Ofcom: Openreach’s ‘Equinox 2’ scheme is not anti-competitive

Watchdog Ofcom agrees BT Openreach’s proposed full-fibre broadband discount scheme is not anti-competitive

  • Ofcom declared that Openreach’s Equinox 2 proposal is ‘not anti-competitive’
  • The new scheme will offer FTTP broadband at prices that are up to 15% lower
  • Openreach extended its full-fibre network to 810,000 premises last quarter

Britain’s communications regulator has said it does not provisionally intend to stop Openreach’s plan to offer customers wholesale fibre at discounted rates.

Ofcom said the Equinox 2′ scheme announced by BT’s networking arm in December is ‘not anti-competitive’ and aligns with the watchdog’s goal to enhance investment in high-speed broadband networks.

Under the proposal, internet service providers can get Openreach’s gigabit-capable fibre-to-the-premises broadband products from the beginning of April at monthly prices that are up to 15 per cent cheaper.

Proposal: The ‘Equinox 2’ scheme will enable ISPs to get Openreach’s gigabit-capable fibre-to-the-premises broadband products at monthly prices that are up to 15 per cent cheaper

For example, those currently using the one-gigabit ‘Equinox 1’ rental plan pay £22.64 per month but will spend just £21.30 each month should they upgrade to the new offer.

Openreach hopes the strategy will help it retain existing clients, including TalkTalk, Sky and Vodafone, whilst continuing to attract fresh ones and encouraging them to accelerate their transition from copper to full fibre.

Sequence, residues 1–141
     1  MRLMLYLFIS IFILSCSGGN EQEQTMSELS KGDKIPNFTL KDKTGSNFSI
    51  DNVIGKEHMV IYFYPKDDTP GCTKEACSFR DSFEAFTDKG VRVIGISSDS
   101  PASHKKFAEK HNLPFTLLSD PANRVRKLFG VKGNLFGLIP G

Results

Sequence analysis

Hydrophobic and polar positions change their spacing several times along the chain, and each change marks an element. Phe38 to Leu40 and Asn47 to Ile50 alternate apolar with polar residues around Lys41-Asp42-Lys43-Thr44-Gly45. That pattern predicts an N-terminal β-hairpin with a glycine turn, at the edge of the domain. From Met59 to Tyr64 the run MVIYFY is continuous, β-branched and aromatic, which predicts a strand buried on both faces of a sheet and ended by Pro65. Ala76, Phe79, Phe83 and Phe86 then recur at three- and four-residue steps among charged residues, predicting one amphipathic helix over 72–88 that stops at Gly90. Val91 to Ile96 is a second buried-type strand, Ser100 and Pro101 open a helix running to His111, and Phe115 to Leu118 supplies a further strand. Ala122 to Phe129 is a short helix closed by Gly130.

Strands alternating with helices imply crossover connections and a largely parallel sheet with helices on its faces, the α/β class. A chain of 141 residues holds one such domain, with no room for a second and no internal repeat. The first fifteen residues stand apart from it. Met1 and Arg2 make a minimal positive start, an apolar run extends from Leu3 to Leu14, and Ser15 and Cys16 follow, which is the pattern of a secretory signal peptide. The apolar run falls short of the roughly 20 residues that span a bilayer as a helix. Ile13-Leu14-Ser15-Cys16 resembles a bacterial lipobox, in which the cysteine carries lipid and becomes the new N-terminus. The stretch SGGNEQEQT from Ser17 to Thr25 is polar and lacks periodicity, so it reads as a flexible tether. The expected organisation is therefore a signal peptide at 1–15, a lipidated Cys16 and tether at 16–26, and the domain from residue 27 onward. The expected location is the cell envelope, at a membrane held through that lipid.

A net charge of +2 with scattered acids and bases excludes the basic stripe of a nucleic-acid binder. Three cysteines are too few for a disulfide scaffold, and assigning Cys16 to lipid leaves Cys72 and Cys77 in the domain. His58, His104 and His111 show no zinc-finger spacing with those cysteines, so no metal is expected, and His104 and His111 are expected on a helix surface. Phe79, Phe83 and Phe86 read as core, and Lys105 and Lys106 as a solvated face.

But the measure has received significant opposition from rival telecoms businesses such as Virgin Media and O2, which called on Ofcom to examine whether the proposal would threaten future investment and fair competition.

Having assessed the deal, the media regulator has confirmed it will not intervene to prevent Equinox 2 from being introduced, although affected parties are being invited to respond to a consultation on the matter.

An Ofcom spokesperson said: ‘Our overriding objective is to bring faster, better broadband to people across the UK – promoting competition and investment in high-speed networks, and making sure there’s a level playing field for all companies.

‘With this in mind, we’ve assessed Openreach’s proposed new pricing plans and, based on the evidence available to us so far, we don’t consider them to be anti-competitive.

‘We’ve set out our provisional reasons for this and are now seeking views from all interested parties, which we’ll take into account before making a final decision.’

Those wishing to register their opinions have until 5pm on 4 March to respond to Ofcom’s consultation before the regulator makes its judgement later in the month.

Should it give the scheme the green light, it would mark the second time Openreach has lowered prices on its wholesale offering in two years.

Since October 2021, the firm has granted wholesale ISP customers a decade-long fixed price and cheaper rates for its full-fibre products as long as they commit to cease selling fibre-to-the-cabinet or purely copper products.

The pricing structure was unsuccessfully challenged by Virgin Media O2 and alternative network provider CityFibre, who argued the measure was uncompetitive.

BT Group is facing a significant challenge to stop losing clients to ‘altnets,’ many of whom are backed with billions of pounds by private equity houses and are rapidly laying broadband fibre cables across British towns and cities.

In third-quarter results released on Thursday, the company revealed Openreach had extended its full-fibre network to another 810,000 premises and had achieved 38 per cent of its target to reach 25 million homes.

On Friday, BT Group shares were up 0.8 per cent at 133.4p during the late morning, yet their value has declined by about a third in the past 12 months.

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